Newsletters 2017-18 Focus newsletter, [4] SPRING | Page 6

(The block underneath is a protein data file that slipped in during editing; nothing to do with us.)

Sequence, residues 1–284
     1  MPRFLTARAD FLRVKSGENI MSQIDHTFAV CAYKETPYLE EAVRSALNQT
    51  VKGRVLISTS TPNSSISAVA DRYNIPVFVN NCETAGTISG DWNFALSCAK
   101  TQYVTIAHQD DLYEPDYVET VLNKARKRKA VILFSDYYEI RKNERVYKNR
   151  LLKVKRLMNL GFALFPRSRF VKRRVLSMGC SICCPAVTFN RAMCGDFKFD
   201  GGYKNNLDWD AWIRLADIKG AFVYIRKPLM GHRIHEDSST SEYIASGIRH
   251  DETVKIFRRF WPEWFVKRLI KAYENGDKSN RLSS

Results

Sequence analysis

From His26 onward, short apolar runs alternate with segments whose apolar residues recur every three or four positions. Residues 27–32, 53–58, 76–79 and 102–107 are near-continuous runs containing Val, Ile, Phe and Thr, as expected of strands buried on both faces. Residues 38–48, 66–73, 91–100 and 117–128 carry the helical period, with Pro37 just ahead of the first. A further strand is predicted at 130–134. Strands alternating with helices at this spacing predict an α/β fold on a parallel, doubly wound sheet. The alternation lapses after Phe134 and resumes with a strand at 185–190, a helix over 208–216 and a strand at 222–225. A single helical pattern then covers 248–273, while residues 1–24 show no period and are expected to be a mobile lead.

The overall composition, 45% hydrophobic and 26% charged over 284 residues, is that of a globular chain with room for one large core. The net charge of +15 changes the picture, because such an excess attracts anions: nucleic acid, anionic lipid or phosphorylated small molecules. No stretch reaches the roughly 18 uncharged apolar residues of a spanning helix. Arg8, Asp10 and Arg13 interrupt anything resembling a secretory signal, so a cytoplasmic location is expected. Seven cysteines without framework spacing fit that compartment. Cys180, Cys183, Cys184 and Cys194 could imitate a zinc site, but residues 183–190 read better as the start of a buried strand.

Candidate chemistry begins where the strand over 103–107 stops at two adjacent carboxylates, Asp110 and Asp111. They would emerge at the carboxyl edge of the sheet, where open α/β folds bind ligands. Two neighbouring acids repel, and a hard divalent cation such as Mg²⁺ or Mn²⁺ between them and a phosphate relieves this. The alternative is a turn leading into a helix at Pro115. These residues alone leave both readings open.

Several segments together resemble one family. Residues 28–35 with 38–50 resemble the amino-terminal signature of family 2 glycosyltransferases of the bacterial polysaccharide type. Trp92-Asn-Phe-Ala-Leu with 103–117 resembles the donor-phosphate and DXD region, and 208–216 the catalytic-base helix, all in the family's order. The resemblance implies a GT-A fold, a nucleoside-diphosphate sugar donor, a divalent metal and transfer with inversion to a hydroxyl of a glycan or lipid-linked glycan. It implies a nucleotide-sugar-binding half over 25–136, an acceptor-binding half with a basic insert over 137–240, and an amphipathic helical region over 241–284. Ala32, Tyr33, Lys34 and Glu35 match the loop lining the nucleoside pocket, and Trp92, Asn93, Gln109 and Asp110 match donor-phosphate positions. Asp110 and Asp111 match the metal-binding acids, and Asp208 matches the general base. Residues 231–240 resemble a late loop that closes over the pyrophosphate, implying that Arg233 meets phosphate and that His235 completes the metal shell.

PREPARING STUDENTS FOR LIFE PAGE 6 Anoka High School scholarship winner wants to become a teacher Madey Anfang loves school. Particularly Anoka High School (AHS). “I like spending time here at school more than I like spending time at my own house sometimes,” the senior said with a smile. “I love the atmosphere here. It’s something I can vibe with — everyone lov- ing everyone and being a big family.” It’s probably no surprise that her love and enjoy- ment for school has sparked an interest in what Madey wants to do as she prepares for college. “I want to be a teacher, and I want to come back to the district to teach,” she said. “I love and appre- ciate the diversity of (Anoka-Hennepin). I’d love to come back here and teach.” And she’s already well on her way. Madey has already been accepted to the University of Wisconsin-LaCrosse where she will study elementary education, and if that wasn’t enough, she recently learned she was one of four students nationally to win a National Association of Federal Education Program Administrators (NAFEPA) scholarship to help with her collegiate studies. Specifically, Madey won the John A. Pfaff Scholarship, which is a one-time, $2,500 scholarship, awarded annually to a student pursuing an educa- tion to be a teacher. “It made my day when I found out,” Madey said. “It was super overwhelming, and I was full of grati- tude and shock that I was one of four people in the whole nation to receive it.” “ I really like seeing when kids learn something and it clicks. ” - Madey Anfang Graduate spotlight John A. Pfaff, who the scholarship honors, served NAFEPA as secretary, vice president and two terms as president, according to the NAFEPA website. “Pfaff is a retired local practitioner, principal, and coordinator of the Elementary and Secondary Education Act (ESEA) for the Sheboygan Area School District in Sheboygan, Wisconsin. He repre- sented his state for more than 23 years on the NAFEPA Board of Directors. His vision created this scholarship program and organized the first fundraisers to support scholarships.” In March, Madey learned she had won the schol- arship from her school counselor, Kari Schell. “It’s still a little crazy to think that I won,” she said. And Madey wasn’t the only AHS senior to apply for the scholarship. “When I got to the post office to make sure it was in the mail on time, there were six other kids all in line to submit for the same scholarship,” she said. “There are a lot of students, I think, who want to get into education and become teachers.” Th at piqued interest may be thanks to a program Anoka-Hennepin recently launched in its high schools, including AHS, called Education Teach and Train, where students act as interns in the classroom, the gymnasium, the lab, the sporting field, the art studio — anywhere lessons are taught. For Madey, the experience just solidified what she already knew: she wanted to be a teacher. “In the Education Teach and Train program, I worked in two classrooms at Andover Elementary School — fifth grade English and third grade art. I loved it,” she said. I really like seeing when kids learn something and it clicks.” Madey’s family at home, which includes a younger sister and younger brother, has really helped spur her interest in education as well, she said. Anoka High School senior Madey Anfang earned a $2,500 national scholarship awarded to students interested in becoming a teacher. “My brother is in fifth grade and he struggled a little, but the amount of help he’s received and the push he’s gotten from his teachers — it’s really pret- ty cool,” Madey said. “It’s inspiring, and one of the reasons I want to come back to this district to teach.” Madey said her family is proud of her and excited she won the NAFEPA, but she’s been so busy, she hasn’t had a lot of time to sit down with her family and map out college quite yet. In addition to being in the top 30 in her class academically, Madey is an actor and assistant director for the AHS theater pro- gram, is in choir, the Student Council treasurer, is part of DECA and the school’s National Honor Society (NHS), and works two jobs. “Now seems like the time to be busy,” she joked. “I’ll breathe a little in June, maybe. But right now I’m super excited to finish my senior year and then go to college.” ■ cont. from page 8 “She showed up to practice every day, and when she walked through the arena doors she became a different person. She was locked in on improving,” he said. “She was incredibly focused on getting better each and every day.” He describes Rooney as polite, generous and a great role model, and said he is incredibly proud of her success. “She earned it,” he said. “Nobody gave it to her, that’s for sure.” Winter Olympic hero Maddie Rooney speaks to Andover High School students during an assembly March 20. Rooney, a 2015 graduate, visited her alma mater just weeks after leading the US women's Olympic team to a gold medal. “He’s just been a great person to look up to for help and advice.” The decision to allow Rooney on the boys team wasn’t without controversy – some of Manney’s colleagues and parents of other players expressed concerns about everything from locker room issues to denying a boy an opportunity to play. But Manney said it wasn’t a difficult decision for him at all. He had been watching Rooney play since she was 10 years old and said she was an elite goalie from a young age. After Rooney graduated from Andover, she went on to play hockey for the University of Minnesota- Duluth, and as one of the top three goalies in the country was invited to play on the U.S. women’s national team her sophomore year. That team went on to win gold at the world championships in 2017, earning Rooney a chance to try out for the Olympic team last May. She said she was “overjoyed” to make it on to the Olympic team, which required her to move to Florida for seven months prior to competing in South Korea. “ Having the medal hung around my neck was such a proud and humbling moment because it was something I had dreamed about my whole life. ” - Maddie Rooney When asked where she keeps her gold medal, Rooney demures. “I need it a lot for different appearances, so I keep it close by,” she said. “We have a really nice case for it, and eventually I’ll put it away some- where safe.” Rooney is currently studying business marketing with an emphasis on sports marketing, an interest that was sparked by a marketing class she took at Andover High School. She said she hopes to work for a professional sports team someday, and to continue to play hockey competitively for as long as she can. She also coaches various youth teams in the summer and offers goalie instructing for players ages 6 to 16 years. But her connection to Andover remains strong: She said she plans to stay actively involved with the high school girls hockey program and help out whenever she can, including at summer camps this year. She said she’s extremely grateful for the sup- port she’s received from her hometown. “If I tried to name everyone at Andover who influenced me I’d be here a while,” she said. “I would just like to thank the whole staff there, especially during this past year. So many teachers reached out to me and were supportive of me, and it just meant a lot and helped me while I was over in Korea. Just to know the city of Andover and my high school were behind me meant a lot to me.” ■